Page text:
By Nick Eustis
Pittsburgh Current Contributing Writer
Art is where many of us go for solace, particularly when we do not feel well, either physically or emotionally. We look to paintings, film, television, and more to cheer us up or to distract us from what we are feeling.
This is an idea that installation artist Derek Peel hopes to turn on its head with her upcoming solo exhibition, “Get Well Soon,” which will open October 18 at 707 Gallery downtown. This will be Peel’s ninth exhibition since beginning her artistic career in 2017.
The concept for “Get Well Soon” was inspired by the ways American society deals with illness, and how those methods are often impersonal or merely serve to cover up the larger issue.
“The idea of this show is something I’ve had for a long time, like Hallmark cards that say these kind of insincere messages, like ‘Get Well Soon,’” says Peel. “It developed into a thing that is about living with feeling broken, and giving up. People live their whole lives this way, like being in quicksand.”
Peel’s installations are distinctive for incorporating a wide range of unconventional and found materials. “Get Well Soon” is no exception, with items like party balloons and road signs making appearances.
Her choice to work with these materials is partly out of necessity, to create the image she wants with limited resources. But the use of everyday items also heightens the impact of each piece because of how familiar they feel to the audience.
“Using familiar images definitely resonates with people more, and that’s important,” says Peel. “Things resonate with you and you hope people see that too, because then you’ve done a good job.”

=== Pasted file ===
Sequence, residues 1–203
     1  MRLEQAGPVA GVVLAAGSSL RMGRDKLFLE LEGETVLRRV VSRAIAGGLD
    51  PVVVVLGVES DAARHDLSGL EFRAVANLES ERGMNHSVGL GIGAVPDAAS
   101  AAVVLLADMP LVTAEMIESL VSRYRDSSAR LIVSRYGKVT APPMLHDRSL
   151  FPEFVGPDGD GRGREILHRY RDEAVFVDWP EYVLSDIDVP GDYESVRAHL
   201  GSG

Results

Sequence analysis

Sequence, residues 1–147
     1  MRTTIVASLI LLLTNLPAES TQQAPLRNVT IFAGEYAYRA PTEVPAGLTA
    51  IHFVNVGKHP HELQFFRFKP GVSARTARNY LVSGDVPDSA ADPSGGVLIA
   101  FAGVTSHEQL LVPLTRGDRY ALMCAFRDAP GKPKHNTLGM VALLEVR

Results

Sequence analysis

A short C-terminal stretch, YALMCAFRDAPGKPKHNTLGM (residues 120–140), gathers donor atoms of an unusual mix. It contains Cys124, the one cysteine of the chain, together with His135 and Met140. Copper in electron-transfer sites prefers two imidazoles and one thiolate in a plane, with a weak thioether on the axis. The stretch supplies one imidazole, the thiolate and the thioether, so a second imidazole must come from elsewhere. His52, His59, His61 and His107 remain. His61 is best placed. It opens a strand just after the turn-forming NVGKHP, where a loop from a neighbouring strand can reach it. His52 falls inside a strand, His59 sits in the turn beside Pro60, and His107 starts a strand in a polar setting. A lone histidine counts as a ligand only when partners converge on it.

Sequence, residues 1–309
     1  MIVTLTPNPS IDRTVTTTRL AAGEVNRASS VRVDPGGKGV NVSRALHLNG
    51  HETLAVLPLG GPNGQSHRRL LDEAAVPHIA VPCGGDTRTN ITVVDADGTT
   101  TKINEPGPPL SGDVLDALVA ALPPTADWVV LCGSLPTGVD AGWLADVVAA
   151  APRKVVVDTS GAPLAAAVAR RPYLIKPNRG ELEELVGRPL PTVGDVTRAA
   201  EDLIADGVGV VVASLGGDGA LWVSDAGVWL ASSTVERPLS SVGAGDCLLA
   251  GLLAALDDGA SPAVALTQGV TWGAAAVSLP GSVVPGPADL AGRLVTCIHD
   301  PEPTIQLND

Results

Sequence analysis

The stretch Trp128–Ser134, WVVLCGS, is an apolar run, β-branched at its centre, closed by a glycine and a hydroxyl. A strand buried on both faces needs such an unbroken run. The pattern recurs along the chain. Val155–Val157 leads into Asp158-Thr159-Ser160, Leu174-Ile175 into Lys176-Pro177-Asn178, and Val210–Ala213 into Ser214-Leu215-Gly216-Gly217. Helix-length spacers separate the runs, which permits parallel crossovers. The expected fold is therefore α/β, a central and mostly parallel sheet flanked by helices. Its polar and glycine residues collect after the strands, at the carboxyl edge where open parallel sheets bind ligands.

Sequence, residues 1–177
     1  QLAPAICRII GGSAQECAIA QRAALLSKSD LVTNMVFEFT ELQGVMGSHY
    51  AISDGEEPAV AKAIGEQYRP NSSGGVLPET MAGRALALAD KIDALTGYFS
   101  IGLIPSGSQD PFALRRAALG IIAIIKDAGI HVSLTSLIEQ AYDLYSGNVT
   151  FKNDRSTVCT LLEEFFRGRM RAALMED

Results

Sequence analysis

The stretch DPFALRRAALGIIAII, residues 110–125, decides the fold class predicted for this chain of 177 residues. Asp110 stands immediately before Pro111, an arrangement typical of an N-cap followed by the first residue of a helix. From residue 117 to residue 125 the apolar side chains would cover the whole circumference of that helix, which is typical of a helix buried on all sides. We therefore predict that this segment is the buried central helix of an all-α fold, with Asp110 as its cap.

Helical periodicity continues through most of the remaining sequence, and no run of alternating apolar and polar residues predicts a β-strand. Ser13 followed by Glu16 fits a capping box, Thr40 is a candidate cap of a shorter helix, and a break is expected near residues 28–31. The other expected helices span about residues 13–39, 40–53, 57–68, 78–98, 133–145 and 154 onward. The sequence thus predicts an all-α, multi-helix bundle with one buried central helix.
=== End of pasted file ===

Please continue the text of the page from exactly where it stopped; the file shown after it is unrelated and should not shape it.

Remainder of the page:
The familiar appears in a number of ways throughout “Get Well Soon.” For instance, one of the installations, titled “Big Day,” takes the form of an oversized pill organizer. Each day of the week filled to the brim with prescription bottles, meant to critique how society over relies on drugs to solve health problems, often to the detriment of the individual.
“You see a lot of elderly people or people suffering mental illness, they might not even remember what they’re taking anymore, it’s so serious,” says Peel.
While “Big Day” certainly grapples with a dark subject, it also keeps a humor to it, as each day on the organizer is labeled “Monday.” To Peel, humor is a way to cope with the distressing and difficult, an attitude which comes through in her work.
“When I come up with an idea or image and it makes me laugh, I know that that’s what I need, because it must be painful, and therefore true or genuine,” Peel says.
Coping with distress was what initially drew Peel to the art world in the first place. Nearing the end of her college career, Peel says she struggled with not feeling a sense of purpose, not knowing what she was meant to do. Creating art, she felt, gave her that direction she was craving, and it expanded into a whirlwind that has carried her through nine exhibitions in just three years.
“I just started making things, and it developed, and here I am. It’s kind of weird,” she says with a laugh.
And while Peel certainly knows what she gets out of the art she creates, she does not want to decide what her audience takes away from “Get Well Soon.” Instead, she hopes that her work will help those who view it process their own emotions, and maybe identify emotions they didn’t even know they were feeling.
“I hope that I’m saying something that resonates with people, maybe explaining feelings that people have that they don’t know how to express,” says Peel.